TOBY, Bickie, Basil and all the Tambo Teddies in their family are often credited for putting the tiny outback Queensland town on the global map.

But without the commitment of Alison Shaw and Tammy Johnson, and the other women business owners and founders before them, the iconic Queensland business simply would not be what it is, or exist at all.

The business is celebrating 30 years in 2023 – three decades of evolving to meet global market demand, championing Queensland sheep and wool industries, promoting their home town and all the while paying homage to the history of the brand and the values it was founded on.

Alison Shaw and Tammy Johnson bought Tambo Teddies in 2014. IMAGE: Supplied

Alison and Tammy have owned Tambo Teddies since 2014, having bought the business with then business partner Kiralee, from previous owner Mary Sutherland.

Mary was one of the original business founders, alongside Charm Ryrie and Helen Sargood. The impact of three women taking over from three women isn’t lost on Alison and Tammy.

“There was a lovely synergy when the three of us purchased the business, however it was only Mary who owned it at the time and had done so for around 16 or 17 years,” Alison said.

“Really I just can’t imagine men owning and running the business.”

For Tammy, the female perspective is different to that of a male. “Not better, not worse, just different,” Tammy said.

“It might have something to do with our sensitive nature, whatever it is, it fits well with teddy bears.”

Start receiving our FREE weekly newsletter

Tambo Teddies are unique teddy bears handcrafted in Australia from the softest sheepskins. “We knew when we bought Tambo Teddies, we were buying the quality,” Tammy said.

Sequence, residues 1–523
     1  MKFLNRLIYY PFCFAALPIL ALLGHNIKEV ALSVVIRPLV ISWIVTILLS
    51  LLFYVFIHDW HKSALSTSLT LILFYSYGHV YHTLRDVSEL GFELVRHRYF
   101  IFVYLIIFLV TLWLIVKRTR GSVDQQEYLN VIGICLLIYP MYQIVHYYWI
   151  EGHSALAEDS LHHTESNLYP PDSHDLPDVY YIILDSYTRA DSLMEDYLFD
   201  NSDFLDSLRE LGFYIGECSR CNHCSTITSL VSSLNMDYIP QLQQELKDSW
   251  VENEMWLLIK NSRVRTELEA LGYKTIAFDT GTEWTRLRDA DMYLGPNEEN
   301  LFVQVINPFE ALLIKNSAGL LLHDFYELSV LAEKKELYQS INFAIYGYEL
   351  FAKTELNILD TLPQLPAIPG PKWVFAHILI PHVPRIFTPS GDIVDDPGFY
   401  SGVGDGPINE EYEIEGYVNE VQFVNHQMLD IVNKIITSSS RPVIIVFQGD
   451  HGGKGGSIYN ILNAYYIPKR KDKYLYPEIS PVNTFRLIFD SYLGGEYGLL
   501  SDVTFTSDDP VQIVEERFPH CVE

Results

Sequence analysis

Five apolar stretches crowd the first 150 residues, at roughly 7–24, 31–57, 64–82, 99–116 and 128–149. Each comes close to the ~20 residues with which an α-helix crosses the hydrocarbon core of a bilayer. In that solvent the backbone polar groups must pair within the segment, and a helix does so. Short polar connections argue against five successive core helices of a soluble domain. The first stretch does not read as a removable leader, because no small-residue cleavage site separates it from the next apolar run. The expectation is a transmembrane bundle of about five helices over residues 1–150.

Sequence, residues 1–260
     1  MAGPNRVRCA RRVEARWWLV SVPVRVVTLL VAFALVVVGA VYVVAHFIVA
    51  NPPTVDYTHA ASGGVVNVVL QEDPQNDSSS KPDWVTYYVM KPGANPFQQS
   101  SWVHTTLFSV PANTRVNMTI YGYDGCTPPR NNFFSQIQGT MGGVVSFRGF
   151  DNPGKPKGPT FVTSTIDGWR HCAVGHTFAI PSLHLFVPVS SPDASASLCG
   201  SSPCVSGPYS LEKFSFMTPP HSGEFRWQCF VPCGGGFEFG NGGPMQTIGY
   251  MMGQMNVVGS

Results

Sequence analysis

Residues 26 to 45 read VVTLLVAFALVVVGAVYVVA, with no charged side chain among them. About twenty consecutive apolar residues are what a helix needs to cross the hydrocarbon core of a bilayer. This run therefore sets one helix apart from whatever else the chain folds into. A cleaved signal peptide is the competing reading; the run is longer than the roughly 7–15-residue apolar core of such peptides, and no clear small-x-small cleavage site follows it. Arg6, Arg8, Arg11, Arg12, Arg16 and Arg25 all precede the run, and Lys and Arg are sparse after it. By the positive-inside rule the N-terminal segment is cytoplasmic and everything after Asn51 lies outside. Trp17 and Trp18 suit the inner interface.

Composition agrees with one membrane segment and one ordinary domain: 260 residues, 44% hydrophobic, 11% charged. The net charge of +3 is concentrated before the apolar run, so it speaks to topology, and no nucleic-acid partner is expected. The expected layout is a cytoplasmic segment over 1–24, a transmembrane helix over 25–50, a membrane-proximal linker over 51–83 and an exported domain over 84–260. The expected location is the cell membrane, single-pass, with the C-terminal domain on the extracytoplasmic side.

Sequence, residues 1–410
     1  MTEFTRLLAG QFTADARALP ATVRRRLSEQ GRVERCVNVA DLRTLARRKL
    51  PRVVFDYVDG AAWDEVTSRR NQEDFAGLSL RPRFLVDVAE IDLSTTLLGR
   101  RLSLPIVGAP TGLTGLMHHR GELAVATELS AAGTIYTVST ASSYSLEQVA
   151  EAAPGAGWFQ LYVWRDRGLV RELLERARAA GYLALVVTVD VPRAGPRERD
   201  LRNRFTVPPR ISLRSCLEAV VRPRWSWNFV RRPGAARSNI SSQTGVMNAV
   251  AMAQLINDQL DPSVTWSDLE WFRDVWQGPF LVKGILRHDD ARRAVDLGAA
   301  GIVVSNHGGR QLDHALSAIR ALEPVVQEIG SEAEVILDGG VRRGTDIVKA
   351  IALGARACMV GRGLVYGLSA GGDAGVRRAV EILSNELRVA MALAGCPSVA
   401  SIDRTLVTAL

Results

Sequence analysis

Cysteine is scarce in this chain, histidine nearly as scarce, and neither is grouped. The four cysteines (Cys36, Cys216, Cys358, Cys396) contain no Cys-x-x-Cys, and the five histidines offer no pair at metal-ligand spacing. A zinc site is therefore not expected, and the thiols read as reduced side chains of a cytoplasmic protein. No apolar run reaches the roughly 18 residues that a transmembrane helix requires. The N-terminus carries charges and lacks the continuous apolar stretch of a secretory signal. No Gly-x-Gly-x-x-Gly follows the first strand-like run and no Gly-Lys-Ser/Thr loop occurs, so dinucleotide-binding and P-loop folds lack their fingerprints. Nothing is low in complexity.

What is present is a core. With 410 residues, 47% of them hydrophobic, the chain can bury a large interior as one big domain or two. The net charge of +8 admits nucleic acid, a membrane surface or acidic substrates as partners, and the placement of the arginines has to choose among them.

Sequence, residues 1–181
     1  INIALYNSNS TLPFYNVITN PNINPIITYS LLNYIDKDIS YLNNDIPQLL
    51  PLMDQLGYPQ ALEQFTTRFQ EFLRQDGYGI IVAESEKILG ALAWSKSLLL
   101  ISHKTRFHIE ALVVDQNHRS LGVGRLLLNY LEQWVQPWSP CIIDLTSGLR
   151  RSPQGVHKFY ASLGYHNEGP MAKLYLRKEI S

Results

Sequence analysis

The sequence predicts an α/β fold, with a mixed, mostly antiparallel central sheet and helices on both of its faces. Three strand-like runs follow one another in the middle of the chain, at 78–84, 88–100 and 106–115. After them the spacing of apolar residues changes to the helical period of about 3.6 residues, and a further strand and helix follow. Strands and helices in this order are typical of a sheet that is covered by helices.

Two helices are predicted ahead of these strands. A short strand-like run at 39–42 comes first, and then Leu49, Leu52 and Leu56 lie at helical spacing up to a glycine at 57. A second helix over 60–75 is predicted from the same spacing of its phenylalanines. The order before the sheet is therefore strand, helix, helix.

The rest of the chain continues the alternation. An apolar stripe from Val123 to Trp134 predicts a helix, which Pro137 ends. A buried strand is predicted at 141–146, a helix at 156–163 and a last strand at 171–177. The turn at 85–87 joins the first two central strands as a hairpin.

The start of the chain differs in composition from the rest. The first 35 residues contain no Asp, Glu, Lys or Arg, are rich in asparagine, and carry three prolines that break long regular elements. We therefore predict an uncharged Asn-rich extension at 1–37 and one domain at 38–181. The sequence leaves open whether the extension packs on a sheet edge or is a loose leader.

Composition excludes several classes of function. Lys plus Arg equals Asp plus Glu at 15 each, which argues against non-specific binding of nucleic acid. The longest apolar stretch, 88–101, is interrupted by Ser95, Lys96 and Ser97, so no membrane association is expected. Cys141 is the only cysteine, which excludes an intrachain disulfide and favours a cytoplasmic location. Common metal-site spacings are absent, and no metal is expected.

“With all the changes we have made over the years, we have always maintained the essence of the core product.”

Alison and Tammy have paid special attention to making sure the business is relevant in current and future global markets, investing in e-commerce and digital marketing to ensure Tambo Teddies are accessible to families right across the world at the same time as travellers who specifically pass through Tambo to visit the bears.

“When we took over we had a vision to grow Teddies and make them available to everyone,” Alison said.

The women set to work implementing a digital strategy, rebuilding the website, creating social media accounts, building a customer data base and implementing digital advertising.

They took the cottage industry business global. Tammy says she and Alison manage the majority of these developments themselves, allowing them to know exactly what they need and want for the business to secure future success.

“We considered our market was not just people driving through Tambo – but a global market,” Alison said.

“We recognised Tambo Teddies had an amazing core product that customers loved, who doesn’t love a teddy bear, but we needed to introduce change without losing our unique selling position – hand crafted, sheepskin, Australian made, from the Outback.“

Tammy Johnson and Alison Shaw at their iconic Tambo Teddies store. IMAGE: Supplied

“We have implemented processes around cutting the skins to maximise output and minimise waste, tripped to China to source our raw materials ourselves and cut-out the middle man, implemented ecommerce, inventory management systems, and point of sale.

“I really love sales – I get a thrill whenever we sell a bear and someone takes it home or sends it off as a gift.

“Sales never cease to excite me. I really love online sales as this is where we want to grow and expand the business, so to me online sales represent success.

“We are always on the look out for new ideas and work together constantly forward planning to ensure we have new products, new stories to tell, new ways of telling our story.”

Alison said in 2017 growth slowed due to supply challenges and they struggled to find enough sewers to meet bear demand.